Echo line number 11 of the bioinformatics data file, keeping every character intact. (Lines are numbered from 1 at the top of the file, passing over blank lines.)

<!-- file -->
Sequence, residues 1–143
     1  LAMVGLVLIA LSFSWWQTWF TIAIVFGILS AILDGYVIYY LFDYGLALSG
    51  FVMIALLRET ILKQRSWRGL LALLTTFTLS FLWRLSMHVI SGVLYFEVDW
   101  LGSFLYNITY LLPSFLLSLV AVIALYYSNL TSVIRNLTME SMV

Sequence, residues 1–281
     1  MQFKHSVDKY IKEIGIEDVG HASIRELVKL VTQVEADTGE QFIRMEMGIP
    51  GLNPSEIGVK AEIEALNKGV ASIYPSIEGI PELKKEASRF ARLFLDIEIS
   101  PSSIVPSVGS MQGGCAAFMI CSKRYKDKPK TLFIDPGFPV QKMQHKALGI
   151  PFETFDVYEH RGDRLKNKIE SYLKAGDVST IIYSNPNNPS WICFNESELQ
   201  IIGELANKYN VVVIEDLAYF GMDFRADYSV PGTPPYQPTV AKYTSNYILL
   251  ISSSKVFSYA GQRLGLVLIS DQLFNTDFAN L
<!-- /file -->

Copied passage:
   251  ISSSKVFSYA GQRLGLVLIS DQLFNTDFAN L